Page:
Utah’s first GUI law
Ryan Summerlin January 30, 2013
As the 2013 Utah Legislature convenes this week, several prominent political figures in the state have called for a variety of ethics reforms in response to recent media accounts of alleged lobbyist influence over elected officials. These reforms range from prohibiting private consulting work by state employees to creating an independent ethics commission to review allegations of impropriety by Utah’s executive-branch officials.
In keeping with these calls for reform, this week I introduced legislation to limit the size of campaign contributions made to elected officials in Utah state government. Known as the Governing Under The Influence (GUI) Act, the bill prohibits any donor from contributing more than $9,999 during a single election cycle to a candidate for state office such as state senator, representative, attorney general or governor.
As a state, we recognize the hazards posed by driving under the influence of alcohol, and we make laws to prevent the damage caused by that influence. In similar fashion, we should recognize the hazards posed by the influence of lobbyists, corporations and special-interest groups when they donate extraordinarily large sums of money to our elected officials and candidates.
The majority of donations to state candidates and officeholders are less than $10,000, and so most officials will be operating under the legal limit if the bill is enacted. Still, I believe that establishing a single, basic cap on campaign contributions is an important step.
Several members of the Utah Legislature, including myself, voluntarily refuse to accept any money from lobbyists, special-interest groups and corporations. I encourage all state candidates and officeholders to adopt this practice, but until they do, the Governing Under The Influence Act will put an end to the most egregious special-interest donations of $10,000 or more.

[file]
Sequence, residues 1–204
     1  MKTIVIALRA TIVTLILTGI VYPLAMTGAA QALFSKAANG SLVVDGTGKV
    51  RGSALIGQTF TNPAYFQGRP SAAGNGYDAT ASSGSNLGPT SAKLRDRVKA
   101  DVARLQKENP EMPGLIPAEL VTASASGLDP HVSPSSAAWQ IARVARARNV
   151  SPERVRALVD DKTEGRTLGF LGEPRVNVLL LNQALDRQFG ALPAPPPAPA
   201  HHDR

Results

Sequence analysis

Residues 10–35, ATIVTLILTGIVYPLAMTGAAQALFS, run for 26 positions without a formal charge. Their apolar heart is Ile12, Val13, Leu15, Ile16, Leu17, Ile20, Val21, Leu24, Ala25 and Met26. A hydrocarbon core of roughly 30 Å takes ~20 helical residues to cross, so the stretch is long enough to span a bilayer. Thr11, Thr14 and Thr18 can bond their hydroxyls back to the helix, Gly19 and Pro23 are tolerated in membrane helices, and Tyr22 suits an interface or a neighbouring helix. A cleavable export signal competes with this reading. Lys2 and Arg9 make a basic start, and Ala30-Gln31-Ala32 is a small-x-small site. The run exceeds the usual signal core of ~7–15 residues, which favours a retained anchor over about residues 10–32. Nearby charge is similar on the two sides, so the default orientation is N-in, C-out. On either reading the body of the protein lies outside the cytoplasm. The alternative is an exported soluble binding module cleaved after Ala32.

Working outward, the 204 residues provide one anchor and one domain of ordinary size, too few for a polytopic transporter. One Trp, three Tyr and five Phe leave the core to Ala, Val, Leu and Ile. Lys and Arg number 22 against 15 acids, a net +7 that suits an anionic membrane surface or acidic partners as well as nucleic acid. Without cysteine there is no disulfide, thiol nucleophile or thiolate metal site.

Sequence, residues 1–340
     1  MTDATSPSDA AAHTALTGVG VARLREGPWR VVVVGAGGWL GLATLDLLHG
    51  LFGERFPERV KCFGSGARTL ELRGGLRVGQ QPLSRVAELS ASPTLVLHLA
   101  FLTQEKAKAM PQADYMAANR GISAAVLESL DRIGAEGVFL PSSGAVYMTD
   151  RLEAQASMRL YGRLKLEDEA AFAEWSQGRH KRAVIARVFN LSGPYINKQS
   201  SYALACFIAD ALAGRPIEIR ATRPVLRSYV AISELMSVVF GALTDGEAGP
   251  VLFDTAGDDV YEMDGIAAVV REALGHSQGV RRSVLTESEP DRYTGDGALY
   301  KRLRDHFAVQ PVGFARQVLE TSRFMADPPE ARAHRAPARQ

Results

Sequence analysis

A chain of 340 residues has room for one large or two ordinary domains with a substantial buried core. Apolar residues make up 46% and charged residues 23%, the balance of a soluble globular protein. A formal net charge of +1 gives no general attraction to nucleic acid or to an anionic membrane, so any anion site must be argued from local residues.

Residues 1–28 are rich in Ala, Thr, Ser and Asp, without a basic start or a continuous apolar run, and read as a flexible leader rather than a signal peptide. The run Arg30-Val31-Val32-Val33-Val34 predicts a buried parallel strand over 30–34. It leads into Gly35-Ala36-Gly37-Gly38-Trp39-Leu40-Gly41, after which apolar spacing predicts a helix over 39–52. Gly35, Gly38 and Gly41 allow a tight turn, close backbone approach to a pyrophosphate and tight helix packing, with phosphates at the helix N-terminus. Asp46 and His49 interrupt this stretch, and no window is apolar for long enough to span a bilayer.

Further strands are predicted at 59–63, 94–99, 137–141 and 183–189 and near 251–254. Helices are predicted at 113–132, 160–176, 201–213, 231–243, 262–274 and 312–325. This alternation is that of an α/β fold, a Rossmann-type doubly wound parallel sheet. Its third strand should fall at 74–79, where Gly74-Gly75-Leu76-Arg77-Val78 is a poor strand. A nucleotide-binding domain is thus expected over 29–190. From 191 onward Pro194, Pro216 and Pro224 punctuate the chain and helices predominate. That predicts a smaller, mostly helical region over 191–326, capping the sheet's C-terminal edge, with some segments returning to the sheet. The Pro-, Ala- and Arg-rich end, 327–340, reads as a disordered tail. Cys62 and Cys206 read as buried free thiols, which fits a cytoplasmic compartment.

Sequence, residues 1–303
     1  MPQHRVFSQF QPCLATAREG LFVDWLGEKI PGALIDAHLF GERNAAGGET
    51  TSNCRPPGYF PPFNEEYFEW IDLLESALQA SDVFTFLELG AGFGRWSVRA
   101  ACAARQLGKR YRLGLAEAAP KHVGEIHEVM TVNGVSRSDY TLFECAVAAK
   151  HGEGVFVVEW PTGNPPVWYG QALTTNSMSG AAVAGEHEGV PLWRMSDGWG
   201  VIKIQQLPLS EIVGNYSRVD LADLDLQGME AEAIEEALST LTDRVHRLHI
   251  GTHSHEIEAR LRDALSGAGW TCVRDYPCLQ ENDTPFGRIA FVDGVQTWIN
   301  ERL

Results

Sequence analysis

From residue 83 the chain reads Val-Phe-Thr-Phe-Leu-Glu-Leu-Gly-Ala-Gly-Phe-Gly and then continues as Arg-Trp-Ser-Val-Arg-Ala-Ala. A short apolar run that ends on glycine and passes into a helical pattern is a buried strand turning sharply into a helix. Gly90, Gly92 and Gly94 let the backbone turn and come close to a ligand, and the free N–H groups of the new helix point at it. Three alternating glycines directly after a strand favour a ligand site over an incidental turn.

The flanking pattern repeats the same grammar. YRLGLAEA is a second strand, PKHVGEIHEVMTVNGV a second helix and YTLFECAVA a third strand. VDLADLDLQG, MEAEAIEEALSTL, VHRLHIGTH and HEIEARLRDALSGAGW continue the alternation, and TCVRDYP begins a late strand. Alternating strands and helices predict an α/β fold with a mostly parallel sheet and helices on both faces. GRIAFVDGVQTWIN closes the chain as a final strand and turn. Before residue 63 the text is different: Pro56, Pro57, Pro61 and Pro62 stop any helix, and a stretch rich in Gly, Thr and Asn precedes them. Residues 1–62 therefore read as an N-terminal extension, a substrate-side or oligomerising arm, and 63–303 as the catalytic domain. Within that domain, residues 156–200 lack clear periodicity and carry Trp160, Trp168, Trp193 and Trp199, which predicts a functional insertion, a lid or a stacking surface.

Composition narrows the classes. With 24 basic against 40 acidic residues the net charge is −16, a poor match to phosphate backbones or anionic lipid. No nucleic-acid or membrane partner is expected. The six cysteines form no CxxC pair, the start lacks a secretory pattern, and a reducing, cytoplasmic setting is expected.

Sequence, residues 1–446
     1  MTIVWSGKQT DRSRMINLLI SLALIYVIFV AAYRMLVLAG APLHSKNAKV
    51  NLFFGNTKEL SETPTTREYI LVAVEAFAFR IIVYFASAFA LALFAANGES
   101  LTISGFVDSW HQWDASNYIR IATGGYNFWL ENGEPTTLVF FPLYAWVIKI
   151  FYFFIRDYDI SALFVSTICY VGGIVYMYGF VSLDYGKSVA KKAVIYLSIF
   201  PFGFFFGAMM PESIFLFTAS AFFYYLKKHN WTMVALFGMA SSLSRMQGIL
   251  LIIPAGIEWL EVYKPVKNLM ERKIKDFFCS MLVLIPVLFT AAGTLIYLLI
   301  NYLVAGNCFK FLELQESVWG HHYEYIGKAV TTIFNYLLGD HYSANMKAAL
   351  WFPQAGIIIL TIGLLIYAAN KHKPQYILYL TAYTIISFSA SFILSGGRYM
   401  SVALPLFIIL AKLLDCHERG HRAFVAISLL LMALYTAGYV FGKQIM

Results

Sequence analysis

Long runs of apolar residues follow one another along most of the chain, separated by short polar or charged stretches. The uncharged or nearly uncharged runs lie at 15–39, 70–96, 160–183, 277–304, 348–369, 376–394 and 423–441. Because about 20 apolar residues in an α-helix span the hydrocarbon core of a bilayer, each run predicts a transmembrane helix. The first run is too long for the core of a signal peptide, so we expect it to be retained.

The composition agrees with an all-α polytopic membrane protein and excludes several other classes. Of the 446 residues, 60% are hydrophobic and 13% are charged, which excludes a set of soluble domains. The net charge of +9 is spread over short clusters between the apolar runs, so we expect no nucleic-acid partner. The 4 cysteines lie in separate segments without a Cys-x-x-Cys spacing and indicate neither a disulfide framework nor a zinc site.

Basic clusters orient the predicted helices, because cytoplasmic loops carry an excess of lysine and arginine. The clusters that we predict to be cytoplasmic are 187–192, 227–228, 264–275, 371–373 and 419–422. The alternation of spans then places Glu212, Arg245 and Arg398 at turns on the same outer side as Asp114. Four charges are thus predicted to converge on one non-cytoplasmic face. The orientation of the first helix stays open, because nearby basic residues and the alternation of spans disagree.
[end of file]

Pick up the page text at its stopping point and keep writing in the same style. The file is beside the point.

Utah is one of only five states that impose no limits on campaign contributions to state candidates. Every state surrounding Utah has donation limits. For example, Idaho caps contributions at $5,000 for statewide candidates and $1,000 for legislative candidates, according to the National Conference of State Legislatures. Within Utah, Salt Lake County prohibits donations greater than $6,000 to candidates for county offices, according to the Salt Lake County Clerk’s office.
I believe citizens really do want to trust their elected officials. But the presence of special-interest money in our political system makes it difficult for officeholders to win and keep that trust. The GUI Act will help to restore the legitimacy of our democratic institutions in the eyes of the public.
I have refused to accept any contributions from lobbyists, corporations or special interest groups since I first ran for the Legislature in 2008. Both Sen. Todd Weiler (R-Woods Cross) and Rep. Ed Redd (R-Logan) now follow this same practice. There may be others, but I have not yet been able to identify any.
I encourage more of my fellow state officeholders to give abstinence a try. It is amazing how willing friends and neighbors are to contribute to your campaign expenses when you tell them that you don’t take money from lobbyists. It seems to restore their faith in the system.
But for now, I hope that the recent comments by many state political leaders about the need for reforms will give the Governing Under The Influence Act a fighting chance to pass in this year’s legislative session.
To put it simply, recent events show that governing under the influence of lobbyists and special interests is hazardous to the health of Utah’s political system. We need to place limits on it just as we would on any other public danger.
Kraig Powell represents District 54 in the Utah House of Representatives, which includes Wasatch County and part of Summit County.